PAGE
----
Following on from Sea Monkey’s photos last week of a giant crane amidst a sea of abandoned prefab house parts at the Countdown supermarket near the Tawa off ramp, the Eye of the Fish has been looking a little closer. We went out to site and found to our consternation that the number of houses on site appeared to be getting less each day – where were the houses going? Was someone stealing them ? Were the receivers taking the houses back to the factory? What was actually happening on site?
Luckily, the answer is all good. Over the past several months the contractors have been building platforms for the houses to sit on – and over the past couple of days the mighty Titan crane has been lowering houses over edge, stacking them 2 high in their finished arrangement. Looks like there will be a little work stitching the cladding together around the middle, but overall, of course, the units are looking great – onsite for only a couple of days and already looking complete. That is the beauty of Prefabrication as a means of production.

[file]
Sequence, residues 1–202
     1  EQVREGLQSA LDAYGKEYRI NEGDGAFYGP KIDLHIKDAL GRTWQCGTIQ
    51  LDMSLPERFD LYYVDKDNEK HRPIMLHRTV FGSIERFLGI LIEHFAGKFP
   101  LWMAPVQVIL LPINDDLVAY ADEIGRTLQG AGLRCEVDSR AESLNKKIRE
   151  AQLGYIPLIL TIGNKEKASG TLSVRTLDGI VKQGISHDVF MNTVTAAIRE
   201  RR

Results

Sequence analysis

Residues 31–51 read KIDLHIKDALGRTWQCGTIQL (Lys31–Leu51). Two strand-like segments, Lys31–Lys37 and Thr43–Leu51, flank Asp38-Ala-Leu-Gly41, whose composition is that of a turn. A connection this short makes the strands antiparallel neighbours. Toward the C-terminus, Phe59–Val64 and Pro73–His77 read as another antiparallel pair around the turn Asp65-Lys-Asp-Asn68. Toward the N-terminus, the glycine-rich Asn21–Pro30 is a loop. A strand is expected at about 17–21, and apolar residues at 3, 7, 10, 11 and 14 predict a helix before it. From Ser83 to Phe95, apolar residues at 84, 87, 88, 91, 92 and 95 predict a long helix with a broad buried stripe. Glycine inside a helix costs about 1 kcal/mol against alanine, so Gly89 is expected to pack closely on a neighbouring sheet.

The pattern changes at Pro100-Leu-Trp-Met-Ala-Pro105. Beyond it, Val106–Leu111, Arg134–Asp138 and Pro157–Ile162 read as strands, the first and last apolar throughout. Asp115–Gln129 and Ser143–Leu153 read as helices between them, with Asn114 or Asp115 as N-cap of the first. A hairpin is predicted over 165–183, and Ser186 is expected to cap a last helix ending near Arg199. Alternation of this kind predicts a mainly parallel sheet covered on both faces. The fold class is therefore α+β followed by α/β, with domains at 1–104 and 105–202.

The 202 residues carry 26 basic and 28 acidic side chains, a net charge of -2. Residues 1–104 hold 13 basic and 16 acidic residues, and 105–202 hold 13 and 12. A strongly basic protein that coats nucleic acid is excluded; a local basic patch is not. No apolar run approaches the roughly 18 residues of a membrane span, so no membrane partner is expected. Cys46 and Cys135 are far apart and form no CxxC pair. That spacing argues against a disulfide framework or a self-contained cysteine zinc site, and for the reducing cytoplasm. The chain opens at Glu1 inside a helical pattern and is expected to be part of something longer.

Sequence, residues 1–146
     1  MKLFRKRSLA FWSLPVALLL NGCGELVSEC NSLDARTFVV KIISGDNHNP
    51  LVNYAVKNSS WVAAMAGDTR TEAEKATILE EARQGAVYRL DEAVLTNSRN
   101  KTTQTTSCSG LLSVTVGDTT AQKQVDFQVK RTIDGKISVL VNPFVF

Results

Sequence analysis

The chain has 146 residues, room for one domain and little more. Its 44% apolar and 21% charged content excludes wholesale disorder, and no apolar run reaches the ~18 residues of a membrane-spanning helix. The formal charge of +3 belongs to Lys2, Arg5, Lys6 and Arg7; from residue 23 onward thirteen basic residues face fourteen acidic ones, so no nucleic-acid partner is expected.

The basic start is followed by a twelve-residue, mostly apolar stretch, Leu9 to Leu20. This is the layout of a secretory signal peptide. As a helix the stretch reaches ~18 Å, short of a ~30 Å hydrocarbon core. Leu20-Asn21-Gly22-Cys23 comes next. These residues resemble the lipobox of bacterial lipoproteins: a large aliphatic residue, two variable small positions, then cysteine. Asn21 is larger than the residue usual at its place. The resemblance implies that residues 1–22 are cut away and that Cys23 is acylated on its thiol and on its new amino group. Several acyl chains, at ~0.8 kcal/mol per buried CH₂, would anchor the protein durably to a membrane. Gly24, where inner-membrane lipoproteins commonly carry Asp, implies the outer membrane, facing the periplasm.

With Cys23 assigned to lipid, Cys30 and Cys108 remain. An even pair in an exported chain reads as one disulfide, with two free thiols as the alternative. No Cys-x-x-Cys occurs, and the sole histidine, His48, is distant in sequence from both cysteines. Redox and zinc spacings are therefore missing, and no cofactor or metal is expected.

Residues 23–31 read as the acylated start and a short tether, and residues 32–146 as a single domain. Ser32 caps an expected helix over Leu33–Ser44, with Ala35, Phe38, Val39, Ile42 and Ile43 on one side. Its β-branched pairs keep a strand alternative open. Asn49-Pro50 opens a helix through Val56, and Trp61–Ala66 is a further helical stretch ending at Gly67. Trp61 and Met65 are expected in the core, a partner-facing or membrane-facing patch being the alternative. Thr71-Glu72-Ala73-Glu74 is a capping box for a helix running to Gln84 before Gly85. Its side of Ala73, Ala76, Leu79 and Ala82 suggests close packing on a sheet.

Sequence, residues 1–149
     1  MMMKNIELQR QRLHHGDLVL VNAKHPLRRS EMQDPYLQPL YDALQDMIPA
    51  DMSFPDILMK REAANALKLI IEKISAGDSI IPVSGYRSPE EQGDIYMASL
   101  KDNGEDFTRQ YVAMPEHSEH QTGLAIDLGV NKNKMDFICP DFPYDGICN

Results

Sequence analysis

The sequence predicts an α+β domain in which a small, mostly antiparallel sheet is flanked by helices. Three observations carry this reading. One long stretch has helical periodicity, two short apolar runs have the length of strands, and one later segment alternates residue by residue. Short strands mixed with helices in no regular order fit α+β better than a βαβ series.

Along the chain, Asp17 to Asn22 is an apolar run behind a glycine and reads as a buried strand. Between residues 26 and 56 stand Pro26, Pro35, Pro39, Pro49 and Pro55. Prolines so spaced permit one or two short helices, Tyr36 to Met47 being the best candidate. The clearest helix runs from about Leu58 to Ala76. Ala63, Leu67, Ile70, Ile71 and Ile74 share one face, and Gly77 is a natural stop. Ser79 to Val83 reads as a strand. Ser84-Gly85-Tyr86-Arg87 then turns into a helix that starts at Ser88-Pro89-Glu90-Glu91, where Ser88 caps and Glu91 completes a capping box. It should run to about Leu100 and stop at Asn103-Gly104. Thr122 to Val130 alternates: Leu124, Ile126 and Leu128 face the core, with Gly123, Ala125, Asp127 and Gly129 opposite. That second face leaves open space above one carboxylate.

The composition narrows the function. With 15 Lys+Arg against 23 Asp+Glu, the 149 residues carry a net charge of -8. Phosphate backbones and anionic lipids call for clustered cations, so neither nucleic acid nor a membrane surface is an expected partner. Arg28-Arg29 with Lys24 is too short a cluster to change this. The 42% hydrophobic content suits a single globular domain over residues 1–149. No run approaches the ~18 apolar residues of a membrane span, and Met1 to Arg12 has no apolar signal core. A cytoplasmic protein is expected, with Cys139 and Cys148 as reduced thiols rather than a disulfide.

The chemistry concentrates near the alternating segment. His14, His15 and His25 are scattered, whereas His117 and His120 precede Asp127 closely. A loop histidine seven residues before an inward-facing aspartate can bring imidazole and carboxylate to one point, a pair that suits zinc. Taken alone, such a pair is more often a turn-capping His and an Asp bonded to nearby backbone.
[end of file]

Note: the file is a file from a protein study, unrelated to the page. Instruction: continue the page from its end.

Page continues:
The site is an odd one, it must be admitted, with it being right next to the supermarket and the highway, almost directly above the Tawa creek and the Kapiti train line, right across from the Women’s Prison, etc, but also faces north-west, with the houses all being designed for the sun. They’re pretty simple houses – as basic is as possible – but I’m still going to go and visit just to check out their build quality, when at last it is open to the public.
The big question for me though, is: given that the housing is less than 100m to the Takapu Road rail station, how do they get there? There is, after all, not just a railway in the way, but a stream – and a rail bridge across that stream. I would have loved it if the designers had designed in a fresh little garden path straight to the rail station, but am very much less interested if the inhabitants are planning to drive into town.
As it is, I’m guessing that Kiwirail have not been keen to have private access onto their least-used station, and are forcing the inhabitants of the Matrix to instead take the blue pill and walk down the supermarket road, across the busy traffic bridge, and onto the station platforms that way. That’s fine: it’ll do.
I’m trusting that there is enough money left in the receiver’s pockets that they can get this project completed, sold off, and the money gets paid back to the relevant creditors. I’m also hoping, just quietly, that the name of Matrix Homes gets cleared, the factory gets re-opened, and the prefab revolution continues apace. It’s important for NZ that it does. And these small homes are just a first step along that way.